21st September was a day of glorious sunshine, perfect for a trip on the Grand Western Canal. Twelve of our members boarded the horse drawn barge in Tiverton Canal Basin. (If there had been three more of us we could have benefited from a discount on our tickets!) Perhaps the only slight disappointment was that there was a largeish coach party on board, so every seat was taken, but that did not really detract from what was a most enjoyable morning.
Philip Brind, proprietor of the barge, dressed appropriately as a bargee, explained to us that his beautiful horse, George, was only really “for show”, as the barge itself, even fully loaded, is incredibly light to handle when it is on the water. His young horse handler, Lauren, could single-handedly push the barge across the canal! We glided quietly along under several bridges, one of which still bears the “logos” of the illiterate stonemasons who constructed it. We then stopped for a while for Lauren to tell us a little of the canal’s history. It was built 200 years ago, by workmen from all over the country digging the whole canal by hand – no mechanics in those far off times – who completed the work in only four years. The labour was relatively well paid for those days, so there was no problem in recruiting workers. The mid-Devon countryside being quite undulating, the work involved having to build up some areas, hollow out others, so that the canal is totally level.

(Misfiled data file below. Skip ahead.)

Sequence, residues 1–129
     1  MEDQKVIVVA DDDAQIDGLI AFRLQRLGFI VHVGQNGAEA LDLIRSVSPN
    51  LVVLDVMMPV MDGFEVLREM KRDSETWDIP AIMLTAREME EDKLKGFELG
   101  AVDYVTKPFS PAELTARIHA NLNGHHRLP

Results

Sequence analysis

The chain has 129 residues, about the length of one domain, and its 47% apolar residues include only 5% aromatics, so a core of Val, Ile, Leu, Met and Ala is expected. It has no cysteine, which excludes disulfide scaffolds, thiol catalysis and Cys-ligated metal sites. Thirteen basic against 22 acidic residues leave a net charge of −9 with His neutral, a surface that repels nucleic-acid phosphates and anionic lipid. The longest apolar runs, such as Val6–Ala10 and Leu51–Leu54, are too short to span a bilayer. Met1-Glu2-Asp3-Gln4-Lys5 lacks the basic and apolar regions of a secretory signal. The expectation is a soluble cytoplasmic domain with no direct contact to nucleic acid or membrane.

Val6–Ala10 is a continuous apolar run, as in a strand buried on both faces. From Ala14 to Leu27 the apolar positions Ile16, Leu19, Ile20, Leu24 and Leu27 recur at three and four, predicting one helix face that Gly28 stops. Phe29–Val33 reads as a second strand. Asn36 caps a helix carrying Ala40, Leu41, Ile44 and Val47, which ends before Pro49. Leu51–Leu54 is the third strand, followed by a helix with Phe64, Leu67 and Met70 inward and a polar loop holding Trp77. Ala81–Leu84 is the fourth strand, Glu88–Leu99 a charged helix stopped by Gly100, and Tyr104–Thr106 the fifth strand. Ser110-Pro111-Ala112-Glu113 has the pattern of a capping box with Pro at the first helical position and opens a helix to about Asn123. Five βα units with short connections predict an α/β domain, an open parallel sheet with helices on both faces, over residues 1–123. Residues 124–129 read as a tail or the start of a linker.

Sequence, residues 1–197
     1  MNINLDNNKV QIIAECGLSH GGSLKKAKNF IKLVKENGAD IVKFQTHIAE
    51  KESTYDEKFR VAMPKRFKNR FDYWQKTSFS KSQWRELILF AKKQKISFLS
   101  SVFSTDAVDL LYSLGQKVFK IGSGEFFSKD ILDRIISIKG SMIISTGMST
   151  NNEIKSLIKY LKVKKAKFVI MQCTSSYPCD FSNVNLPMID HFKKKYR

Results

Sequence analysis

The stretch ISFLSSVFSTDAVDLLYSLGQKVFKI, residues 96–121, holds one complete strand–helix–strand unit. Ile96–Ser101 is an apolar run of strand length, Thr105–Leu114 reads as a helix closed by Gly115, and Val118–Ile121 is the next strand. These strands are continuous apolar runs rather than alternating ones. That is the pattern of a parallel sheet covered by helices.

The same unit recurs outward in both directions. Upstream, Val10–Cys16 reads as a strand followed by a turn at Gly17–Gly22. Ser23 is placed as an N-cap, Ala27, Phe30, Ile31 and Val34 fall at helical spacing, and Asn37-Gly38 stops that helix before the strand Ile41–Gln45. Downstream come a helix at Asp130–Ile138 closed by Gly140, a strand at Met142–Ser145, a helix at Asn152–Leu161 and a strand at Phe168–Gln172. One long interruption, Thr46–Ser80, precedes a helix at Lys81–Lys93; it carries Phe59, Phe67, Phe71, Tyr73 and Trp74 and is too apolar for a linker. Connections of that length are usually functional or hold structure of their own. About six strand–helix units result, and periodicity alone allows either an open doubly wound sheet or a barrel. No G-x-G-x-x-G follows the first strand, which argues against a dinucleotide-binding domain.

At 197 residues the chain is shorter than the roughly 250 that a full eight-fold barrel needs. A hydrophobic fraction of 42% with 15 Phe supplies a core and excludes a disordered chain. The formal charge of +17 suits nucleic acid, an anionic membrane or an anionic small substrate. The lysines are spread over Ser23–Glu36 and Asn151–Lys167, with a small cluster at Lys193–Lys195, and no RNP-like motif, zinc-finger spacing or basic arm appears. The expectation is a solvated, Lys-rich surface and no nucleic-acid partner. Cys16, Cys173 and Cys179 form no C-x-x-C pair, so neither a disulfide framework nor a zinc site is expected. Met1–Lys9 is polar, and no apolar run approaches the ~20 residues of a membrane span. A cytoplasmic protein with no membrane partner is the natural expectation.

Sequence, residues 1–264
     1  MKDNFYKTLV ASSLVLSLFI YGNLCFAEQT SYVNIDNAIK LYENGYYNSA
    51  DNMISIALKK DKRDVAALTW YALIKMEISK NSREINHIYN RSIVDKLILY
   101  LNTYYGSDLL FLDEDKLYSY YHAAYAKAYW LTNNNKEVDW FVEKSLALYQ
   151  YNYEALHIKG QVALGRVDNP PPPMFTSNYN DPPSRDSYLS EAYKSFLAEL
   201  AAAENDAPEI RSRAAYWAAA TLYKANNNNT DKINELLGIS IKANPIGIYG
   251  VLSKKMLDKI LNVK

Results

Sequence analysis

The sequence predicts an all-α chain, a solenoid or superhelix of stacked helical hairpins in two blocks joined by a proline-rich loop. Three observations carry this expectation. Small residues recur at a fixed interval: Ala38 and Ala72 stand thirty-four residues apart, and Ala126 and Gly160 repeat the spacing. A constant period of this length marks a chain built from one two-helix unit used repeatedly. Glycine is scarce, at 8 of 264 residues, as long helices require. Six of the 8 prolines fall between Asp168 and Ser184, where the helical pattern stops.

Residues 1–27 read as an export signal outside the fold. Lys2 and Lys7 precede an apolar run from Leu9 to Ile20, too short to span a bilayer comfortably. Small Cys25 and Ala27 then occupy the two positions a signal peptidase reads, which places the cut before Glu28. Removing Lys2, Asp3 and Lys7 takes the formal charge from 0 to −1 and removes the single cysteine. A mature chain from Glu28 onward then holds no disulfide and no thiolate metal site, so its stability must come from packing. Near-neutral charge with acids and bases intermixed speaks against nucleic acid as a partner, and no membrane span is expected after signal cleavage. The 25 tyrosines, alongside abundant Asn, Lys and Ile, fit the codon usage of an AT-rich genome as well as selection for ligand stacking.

On our return journey we were all asked to stop talking, the bar was closed and all extraneous noise eliminated. For ten minutes or so we glided along in total peace and quiet, just the sound of the water lapping on the side of the barge. That was what it would have been like 200 years ago when limestone was transported in the barges to be converted into agricultural fertiliser. Of course we know that the coming of the railways meant that the canal was no longer needed. How fortunate that it has been restored and is now a wonderful recreational facility in mid-Devon.